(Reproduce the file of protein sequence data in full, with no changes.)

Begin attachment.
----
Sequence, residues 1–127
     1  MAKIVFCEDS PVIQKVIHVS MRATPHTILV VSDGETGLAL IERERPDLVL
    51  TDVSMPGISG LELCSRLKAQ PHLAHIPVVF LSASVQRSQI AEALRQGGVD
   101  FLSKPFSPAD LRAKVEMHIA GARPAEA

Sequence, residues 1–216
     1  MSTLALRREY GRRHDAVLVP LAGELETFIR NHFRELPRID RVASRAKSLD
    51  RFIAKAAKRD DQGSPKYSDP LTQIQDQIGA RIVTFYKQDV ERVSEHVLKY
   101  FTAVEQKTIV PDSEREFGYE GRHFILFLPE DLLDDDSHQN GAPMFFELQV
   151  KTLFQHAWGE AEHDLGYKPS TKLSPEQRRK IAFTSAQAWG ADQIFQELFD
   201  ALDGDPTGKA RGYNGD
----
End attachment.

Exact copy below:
Sequence, residues 1–127
     1  MAKIVFCEDS PVIQKVIHVS MRATPHTILV VSDGETGLAL IERERPDLVL
    51  TDVSMPGISG LELCSRLKAQ PHLAHIPVVF LSASVQRSQI AEALRQGGVD
   101  FLSKPFSPAD LRAKVEMHIA GARPAEA

Sequence, residues 1–216
     1  MSTLALRREY GRRHDAVLVP LAGELETFIR NHFRELPRID RVASRAKSLD
    51  RFIAKAAKRD DQGSPKYSDP LTQIQDQIGA RIVTFYKQDV ERVSEHVLKY
   101  FTAVEQKTIV PDSEREFGYE GRHFILFLPE DLLDDDSHQN GAPMFFELQV
   151  KTLFQHAWGE AEHDLGYKPS TKLSPEQRRK IAFTSAQAWG ADQIFQELFD
   201  ALDGDPTGKA RGYNGD